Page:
The International Energy Agency (IEA) issued their annual World Energy Outlook, and despite a drop in 2009 demand due to the global recession, the numbers look grim. As Nobuo Tanaka, Executive Director of the IEA put it;
“…a continuation of current trends in energy use puts the world on track for a rise in temperature of up to 6°C and poses serious threats to global energy security.”
The IEA is to consuming countries what OPEC is to producing ones, advising members on energy supply and policy.Their activities include estimating how much oil is available and what future energy consumption will look like, and things may be even grimmer than they have been letting on.
Oil supplies in flux
According to a report in the Guardian, the Agency may have deliberately overstated world oil supplies, in order to avoid a worldwide buying panic. An unnamed (and therefore unverified) sources claim that the US has played an influential role in encouraging the organization to “underplay the rate of decline from existing oil fields while overplaying the chances of finding new reserves.” Another (also unnamed) source was quoted as saying “We have [already] entered the ‘peak oil’ zone. I think that the situation is really bad.”
“Peak oil” refers to the point at which the rate of production of oil, which has generally marched steadily upwards, begins to decline. If we continue our current energy habits and assume no change in government policies (called the ‘Reference Scenario‘), we will need to produce an additional 20 million barrels a day by 2030. It is not clear where that oil supply would come from, and is projected as “crude oil fields yet to be found.”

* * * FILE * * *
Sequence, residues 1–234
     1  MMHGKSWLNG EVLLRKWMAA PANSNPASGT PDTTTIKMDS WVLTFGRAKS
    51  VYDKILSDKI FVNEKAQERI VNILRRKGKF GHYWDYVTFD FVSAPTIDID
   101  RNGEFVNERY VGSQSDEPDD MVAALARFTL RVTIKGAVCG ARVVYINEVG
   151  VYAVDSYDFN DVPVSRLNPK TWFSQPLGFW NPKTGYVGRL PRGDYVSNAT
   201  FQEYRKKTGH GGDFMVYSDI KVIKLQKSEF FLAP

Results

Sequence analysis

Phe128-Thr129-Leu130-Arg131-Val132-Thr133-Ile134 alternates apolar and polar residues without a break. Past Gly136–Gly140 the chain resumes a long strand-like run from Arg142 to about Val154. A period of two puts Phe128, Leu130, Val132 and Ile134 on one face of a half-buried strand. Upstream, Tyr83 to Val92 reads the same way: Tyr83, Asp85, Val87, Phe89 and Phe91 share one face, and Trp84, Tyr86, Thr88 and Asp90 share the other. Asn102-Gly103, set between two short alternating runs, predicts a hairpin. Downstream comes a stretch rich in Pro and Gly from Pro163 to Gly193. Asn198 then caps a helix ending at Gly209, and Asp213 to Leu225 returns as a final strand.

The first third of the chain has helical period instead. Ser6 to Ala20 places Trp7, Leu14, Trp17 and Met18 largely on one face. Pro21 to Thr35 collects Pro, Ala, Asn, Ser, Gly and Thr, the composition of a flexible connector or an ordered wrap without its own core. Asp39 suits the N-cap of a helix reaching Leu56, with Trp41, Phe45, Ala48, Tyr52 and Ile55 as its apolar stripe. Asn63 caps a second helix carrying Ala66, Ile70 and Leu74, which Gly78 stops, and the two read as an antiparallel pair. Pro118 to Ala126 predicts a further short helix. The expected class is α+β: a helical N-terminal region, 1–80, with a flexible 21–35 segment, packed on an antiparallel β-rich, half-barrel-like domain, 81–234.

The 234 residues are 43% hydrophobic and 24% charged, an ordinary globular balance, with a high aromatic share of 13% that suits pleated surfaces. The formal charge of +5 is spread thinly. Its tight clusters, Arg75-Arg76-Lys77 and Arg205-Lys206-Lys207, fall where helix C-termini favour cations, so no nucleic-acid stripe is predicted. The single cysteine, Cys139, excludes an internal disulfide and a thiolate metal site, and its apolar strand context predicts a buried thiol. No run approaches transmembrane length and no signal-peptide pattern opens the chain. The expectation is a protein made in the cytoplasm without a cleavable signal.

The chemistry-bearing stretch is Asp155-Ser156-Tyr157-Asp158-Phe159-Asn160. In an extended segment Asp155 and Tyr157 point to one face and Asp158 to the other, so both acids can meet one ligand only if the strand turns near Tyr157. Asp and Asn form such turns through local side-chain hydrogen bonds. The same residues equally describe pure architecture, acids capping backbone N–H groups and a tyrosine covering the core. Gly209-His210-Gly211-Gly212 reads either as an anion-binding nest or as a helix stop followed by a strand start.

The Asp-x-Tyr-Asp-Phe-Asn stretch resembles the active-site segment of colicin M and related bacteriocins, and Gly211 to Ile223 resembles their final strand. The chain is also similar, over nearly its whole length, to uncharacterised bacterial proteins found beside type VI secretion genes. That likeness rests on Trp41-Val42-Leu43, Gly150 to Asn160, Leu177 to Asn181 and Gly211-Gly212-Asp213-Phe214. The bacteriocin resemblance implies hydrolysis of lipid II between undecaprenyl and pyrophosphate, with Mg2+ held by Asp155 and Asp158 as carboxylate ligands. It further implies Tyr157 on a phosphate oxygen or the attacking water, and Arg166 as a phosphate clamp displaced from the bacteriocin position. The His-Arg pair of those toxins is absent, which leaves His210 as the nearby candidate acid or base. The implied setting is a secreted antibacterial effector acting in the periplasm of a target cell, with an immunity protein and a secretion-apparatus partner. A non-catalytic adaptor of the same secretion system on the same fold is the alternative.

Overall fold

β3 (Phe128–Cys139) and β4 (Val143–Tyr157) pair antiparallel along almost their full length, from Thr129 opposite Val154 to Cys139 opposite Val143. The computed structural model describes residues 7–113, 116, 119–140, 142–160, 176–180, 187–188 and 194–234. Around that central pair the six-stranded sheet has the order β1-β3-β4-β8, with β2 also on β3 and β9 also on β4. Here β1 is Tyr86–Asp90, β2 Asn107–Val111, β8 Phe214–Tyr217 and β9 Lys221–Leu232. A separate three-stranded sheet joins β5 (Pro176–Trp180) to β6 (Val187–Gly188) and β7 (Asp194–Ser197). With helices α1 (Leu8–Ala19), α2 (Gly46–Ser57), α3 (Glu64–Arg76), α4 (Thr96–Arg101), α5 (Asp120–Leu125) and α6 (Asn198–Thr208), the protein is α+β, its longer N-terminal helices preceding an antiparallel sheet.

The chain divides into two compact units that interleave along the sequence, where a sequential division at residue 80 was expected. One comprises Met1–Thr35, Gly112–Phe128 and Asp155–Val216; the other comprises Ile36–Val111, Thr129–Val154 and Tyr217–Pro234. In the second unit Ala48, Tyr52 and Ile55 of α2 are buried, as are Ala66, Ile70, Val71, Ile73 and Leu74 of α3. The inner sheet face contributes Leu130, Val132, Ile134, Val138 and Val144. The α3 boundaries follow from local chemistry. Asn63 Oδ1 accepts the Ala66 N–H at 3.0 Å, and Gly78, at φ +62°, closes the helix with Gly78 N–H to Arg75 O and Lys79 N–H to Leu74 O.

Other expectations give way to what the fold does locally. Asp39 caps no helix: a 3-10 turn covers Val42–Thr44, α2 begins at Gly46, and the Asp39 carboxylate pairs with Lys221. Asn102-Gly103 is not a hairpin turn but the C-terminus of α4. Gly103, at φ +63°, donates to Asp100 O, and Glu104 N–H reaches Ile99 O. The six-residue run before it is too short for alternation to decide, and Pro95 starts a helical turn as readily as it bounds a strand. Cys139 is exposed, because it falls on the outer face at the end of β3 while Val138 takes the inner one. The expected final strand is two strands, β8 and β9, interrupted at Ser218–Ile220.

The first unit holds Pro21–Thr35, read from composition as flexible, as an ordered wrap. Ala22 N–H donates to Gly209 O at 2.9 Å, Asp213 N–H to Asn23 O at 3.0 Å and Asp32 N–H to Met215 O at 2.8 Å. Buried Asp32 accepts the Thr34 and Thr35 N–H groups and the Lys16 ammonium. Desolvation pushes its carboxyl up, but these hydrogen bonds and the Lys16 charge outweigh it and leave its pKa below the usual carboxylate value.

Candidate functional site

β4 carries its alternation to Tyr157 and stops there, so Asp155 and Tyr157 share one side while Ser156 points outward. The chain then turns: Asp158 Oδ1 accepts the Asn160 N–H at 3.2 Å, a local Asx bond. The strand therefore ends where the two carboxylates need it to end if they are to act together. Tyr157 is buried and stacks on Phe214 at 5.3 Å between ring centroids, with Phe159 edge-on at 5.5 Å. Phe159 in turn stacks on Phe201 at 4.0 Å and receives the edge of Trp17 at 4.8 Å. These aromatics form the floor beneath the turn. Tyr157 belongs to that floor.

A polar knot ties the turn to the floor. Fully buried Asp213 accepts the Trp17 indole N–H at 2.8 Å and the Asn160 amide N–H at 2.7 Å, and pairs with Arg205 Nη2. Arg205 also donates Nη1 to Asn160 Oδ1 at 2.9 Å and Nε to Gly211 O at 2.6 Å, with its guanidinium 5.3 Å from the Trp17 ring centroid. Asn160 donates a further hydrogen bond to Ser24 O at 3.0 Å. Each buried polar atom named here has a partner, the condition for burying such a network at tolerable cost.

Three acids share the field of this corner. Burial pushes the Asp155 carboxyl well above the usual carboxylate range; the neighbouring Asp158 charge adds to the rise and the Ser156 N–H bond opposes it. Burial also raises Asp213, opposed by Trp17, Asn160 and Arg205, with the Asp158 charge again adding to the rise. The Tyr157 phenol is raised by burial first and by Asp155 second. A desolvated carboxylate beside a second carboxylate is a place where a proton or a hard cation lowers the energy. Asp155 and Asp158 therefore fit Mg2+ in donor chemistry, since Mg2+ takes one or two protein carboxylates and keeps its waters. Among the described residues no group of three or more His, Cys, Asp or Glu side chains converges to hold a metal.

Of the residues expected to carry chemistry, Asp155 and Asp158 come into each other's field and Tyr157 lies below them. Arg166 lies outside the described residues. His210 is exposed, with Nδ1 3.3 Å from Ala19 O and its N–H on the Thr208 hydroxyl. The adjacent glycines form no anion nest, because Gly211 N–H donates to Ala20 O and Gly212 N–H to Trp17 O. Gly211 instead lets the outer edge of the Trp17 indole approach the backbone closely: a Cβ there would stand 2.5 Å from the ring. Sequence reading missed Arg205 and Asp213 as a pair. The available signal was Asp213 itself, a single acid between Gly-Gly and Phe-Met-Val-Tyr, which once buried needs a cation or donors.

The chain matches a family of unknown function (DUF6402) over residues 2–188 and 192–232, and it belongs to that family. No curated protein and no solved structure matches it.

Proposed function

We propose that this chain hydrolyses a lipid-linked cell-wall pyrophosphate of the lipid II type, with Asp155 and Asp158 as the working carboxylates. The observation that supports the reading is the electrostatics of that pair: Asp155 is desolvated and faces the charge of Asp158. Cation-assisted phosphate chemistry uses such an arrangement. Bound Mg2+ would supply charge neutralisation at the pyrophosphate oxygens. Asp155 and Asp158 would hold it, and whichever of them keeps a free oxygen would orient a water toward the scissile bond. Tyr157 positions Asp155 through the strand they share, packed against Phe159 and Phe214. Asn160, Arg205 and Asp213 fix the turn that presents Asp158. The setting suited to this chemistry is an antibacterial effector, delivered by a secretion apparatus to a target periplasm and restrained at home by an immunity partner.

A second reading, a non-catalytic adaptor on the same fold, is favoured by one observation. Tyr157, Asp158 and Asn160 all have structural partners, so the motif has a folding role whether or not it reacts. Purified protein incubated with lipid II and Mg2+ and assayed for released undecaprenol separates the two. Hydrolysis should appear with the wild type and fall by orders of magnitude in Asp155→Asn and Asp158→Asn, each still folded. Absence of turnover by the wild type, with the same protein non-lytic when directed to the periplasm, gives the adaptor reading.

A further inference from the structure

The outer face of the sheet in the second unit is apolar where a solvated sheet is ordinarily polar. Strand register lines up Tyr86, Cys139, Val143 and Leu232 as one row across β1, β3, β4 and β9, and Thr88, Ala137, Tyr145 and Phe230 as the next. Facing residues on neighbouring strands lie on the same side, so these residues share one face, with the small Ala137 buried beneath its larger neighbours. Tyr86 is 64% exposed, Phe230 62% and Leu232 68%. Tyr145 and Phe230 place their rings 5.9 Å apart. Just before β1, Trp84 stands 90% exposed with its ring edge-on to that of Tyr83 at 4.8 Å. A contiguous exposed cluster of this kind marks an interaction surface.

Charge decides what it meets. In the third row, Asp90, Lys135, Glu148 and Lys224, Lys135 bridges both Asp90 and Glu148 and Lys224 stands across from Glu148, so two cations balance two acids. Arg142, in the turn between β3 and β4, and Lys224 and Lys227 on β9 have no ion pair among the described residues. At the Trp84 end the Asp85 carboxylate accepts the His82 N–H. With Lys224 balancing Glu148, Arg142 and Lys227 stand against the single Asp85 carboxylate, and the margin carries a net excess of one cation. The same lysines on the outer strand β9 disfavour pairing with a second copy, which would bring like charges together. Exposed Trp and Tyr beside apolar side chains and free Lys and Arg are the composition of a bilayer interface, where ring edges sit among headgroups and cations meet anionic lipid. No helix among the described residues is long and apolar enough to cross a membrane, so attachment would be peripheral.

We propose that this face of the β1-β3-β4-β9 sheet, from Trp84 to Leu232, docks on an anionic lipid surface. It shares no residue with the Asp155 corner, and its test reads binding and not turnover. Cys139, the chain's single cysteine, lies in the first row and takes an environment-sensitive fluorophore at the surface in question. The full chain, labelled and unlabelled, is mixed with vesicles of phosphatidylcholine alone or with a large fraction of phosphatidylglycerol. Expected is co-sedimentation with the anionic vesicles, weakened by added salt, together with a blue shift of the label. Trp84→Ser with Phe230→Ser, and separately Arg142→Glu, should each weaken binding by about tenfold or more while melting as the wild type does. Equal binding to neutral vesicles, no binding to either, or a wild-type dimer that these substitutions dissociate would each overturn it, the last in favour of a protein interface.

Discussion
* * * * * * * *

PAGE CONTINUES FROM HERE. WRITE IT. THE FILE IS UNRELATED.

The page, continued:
Is even ’450′ a stretch?
In the ‘Reference Scenario’, the world’s primary energy demand in 2030 is estimated to grow by a staggering 40% over the current figures. Much of this increase would be in coal use, which would grow by 50% and have a severe impact on climate change.
The IEA also looked at the alternative scenario needed to hold greenhouse gasses to 450 ppm, which is generally considered the maximum upper limit to avoid irreversible and possibly cataclysmic change (we are currently at 385.) What would need to happen? By 2030, a third of the world’s power needs to come from renewables and/or nuclear, 60% of cars need to be plug in or hybrid, and we need to invest nearly $10 Trillion globally in energy efficiency. These are all what I would call ‘stretch goals’, and is partially why others have described staying below 450 ppm as pursuing “the greatest achievement in the history of the human race.”
The IEA didn’t even bother figuring out what it would take to reduce total ghg back to 350 ppm, a ‘do no harm’ target which seems to be completely out of reach.
Pay now or pay later
Conspiracy theorists claim that global warming is a hoax designed to create new ‘green’ profits via cap-and-trade and clean technology. While some concerns about Wall Street are always warranted, here is the simple math: The IEA estimates that carbon should eventually carry a cost of around $50 per ton, which translates to $20 per barrel of oil. If we continue on our current path, however, demand will likely drive up oil prices by at least $50 per barrel, sending over $4 trillion dollars to OPEC members in the next 20 years, just for the oil And the cost of climate change? The NRDC estimates that in the US alone, it will be $300 Billion a year by 2030. Many put the global figure in the Trillions.
So whether for the planet or the pocketbook, it’s time to wake up. Things simply will not stay the way they are. We can either start spending on clean energy and efficiency now, or pay even more for the privilege of using up more fossil fuel and polluting the planet, with dire consequences. Why does this seem like a difficult choice?
Disclaimer: The views expressed above are solely those of the author and may
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